The threat of COVID-19 has not deterred Americans from traveling during the holidays. Sunday was the busiest day for U.S. airports since March 15, when the Transportation Security Administration screened nearly 1.3 million people, according to The New York Times. The increase in holiday travel comes as coronavirus cases remain high and intensive care units in many hospitals are close to or at capacity.
In 11 days, between December 18 and 28, 11,331,113 people passed through airport checkpoints, according to TSA reports. That number, which represents 42.4% of 2019’s travel volume, is the highest airports have seen since the beginning of the pandemic. It surpasses a rush at Thanksgiving, normally the busiest time of year for air travel.
On Saturday, The Times reported that total infections in the U.S. exceeded 19 million, meaning that at least 1 in 17 people have caught the virus (which has killed 1 in every 1,000) over the course of the pandemic. On Sunday, six states—Alabama, California, Georgia, Mississippi, North Carolina, and South Carolina—set records for the most COVID-19 patients hospitalized, with Texas numbers reaching an all-time high on Monday, according to CNN.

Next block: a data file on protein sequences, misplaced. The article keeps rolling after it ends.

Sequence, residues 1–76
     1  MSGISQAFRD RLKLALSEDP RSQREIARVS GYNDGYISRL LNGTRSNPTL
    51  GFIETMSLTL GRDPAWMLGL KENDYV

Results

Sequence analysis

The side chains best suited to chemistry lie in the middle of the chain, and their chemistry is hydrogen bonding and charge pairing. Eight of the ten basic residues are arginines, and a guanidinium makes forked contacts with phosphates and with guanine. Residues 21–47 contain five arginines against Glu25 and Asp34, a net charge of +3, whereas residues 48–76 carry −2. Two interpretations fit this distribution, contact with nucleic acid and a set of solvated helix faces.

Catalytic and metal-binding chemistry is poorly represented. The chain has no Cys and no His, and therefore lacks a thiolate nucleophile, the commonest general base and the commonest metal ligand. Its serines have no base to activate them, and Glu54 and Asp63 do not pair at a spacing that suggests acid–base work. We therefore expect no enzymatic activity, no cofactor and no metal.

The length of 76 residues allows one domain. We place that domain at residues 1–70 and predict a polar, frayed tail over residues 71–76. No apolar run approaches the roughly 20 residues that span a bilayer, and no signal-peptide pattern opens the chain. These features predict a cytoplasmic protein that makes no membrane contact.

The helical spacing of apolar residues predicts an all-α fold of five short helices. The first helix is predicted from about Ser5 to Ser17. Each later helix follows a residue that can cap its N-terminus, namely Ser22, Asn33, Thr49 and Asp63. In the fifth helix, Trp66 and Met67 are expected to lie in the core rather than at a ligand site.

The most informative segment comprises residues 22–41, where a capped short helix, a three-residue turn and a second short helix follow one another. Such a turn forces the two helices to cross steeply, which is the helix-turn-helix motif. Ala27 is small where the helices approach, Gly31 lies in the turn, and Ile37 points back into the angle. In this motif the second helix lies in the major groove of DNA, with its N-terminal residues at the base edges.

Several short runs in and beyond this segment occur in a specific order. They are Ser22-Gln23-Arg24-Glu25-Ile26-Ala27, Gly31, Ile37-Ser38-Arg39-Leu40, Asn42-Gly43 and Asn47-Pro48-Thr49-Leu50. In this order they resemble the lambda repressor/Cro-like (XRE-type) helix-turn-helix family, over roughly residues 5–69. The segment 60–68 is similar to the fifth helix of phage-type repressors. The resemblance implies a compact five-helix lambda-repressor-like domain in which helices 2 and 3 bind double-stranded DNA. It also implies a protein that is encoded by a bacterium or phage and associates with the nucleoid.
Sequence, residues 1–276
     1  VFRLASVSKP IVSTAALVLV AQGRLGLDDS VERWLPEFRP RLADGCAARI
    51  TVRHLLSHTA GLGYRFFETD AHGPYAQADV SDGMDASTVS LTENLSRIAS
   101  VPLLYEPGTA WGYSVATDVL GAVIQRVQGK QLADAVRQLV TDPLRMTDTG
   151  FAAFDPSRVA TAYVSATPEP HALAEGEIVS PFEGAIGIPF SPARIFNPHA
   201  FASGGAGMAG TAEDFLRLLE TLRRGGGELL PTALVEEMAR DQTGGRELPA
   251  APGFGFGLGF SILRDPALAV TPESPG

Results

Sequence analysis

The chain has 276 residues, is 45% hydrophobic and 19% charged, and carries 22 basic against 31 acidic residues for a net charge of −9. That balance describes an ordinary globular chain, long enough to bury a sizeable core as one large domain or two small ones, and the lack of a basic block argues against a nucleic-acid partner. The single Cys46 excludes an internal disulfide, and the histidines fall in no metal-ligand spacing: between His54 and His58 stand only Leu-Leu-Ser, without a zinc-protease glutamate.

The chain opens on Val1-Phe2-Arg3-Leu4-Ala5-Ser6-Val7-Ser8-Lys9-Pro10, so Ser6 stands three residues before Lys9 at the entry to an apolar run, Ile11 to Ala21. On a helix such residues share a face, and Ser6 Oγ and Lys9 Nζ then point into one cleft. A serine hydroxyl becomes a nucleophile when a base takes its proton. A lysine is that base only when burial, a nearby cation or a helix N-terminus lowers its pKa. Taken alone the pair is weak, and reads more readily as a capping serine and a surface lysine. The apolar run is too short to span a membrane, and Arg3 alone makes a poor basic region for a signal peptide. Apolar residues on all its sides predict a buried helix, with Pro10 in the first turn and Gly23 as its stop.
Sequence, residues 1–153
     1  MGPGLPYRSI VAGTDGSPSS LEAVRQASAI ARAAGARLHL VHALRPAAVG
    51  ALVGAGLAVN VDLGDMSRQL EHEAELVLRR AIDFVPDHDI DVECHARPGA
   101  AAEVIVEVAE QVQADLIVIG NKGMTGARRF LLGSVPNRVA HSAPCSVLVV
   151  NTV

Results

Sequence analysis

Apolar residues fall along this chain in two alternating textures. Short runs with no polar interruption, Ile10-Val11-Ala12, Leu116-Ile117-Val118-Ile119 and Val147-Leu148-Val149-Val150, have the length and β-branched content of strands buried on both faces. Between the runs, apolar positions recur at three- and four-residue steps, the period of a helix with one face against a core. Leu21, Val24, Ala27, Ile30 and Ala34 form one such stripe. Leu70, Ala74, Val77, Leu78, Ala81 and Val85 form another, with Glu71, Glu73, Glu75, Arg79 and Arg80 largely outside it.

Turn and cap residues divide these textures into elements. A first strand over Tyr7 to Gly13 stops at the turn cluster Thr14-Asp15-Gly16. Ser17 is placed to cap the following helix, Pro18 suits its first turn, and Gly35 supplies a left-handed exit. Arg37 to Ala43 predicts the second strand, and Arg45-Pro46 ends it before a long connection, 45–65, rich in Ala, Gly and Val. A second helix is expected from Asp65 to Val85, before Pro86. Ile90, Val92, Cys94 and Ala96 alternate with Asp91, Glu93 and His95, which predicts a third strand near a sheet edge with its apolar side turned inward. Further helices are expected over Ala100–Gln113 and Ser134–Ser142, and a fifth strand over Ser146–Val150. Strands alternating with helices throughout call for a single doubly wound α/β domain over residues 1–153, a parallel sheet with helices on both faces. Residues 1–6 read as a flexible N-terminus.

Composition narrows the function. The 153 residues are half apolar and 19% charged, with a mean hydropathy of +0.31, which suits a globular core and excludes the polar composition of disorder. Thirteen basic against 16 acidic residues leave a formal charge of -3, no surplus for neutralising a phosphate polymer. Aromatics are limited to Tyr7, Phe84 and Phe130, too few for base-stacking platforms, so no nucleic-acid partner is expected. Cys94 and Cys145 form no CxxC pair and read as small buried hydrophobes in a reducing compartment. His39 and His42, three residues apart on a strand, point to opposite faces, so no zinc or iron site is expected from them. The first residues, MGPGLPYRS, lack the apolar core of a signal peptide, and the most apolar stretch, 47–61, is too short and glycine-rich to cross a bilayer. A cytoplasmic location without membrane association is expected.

Because it is anticipated that fewer people will get tested during the holiday period, the ultimate effect of the travel may not be known until mid-January.
After a new highly contagious strain of the virus was detected in the U.K., U.S. officials announced that travelers from Britain will have to test negative for the virus before boarding a flight. Most states have had mixed results by implementing restrictions on incoming travelers or mandating quarantines.
This article was updated with information about COVID-19 records reached by several states.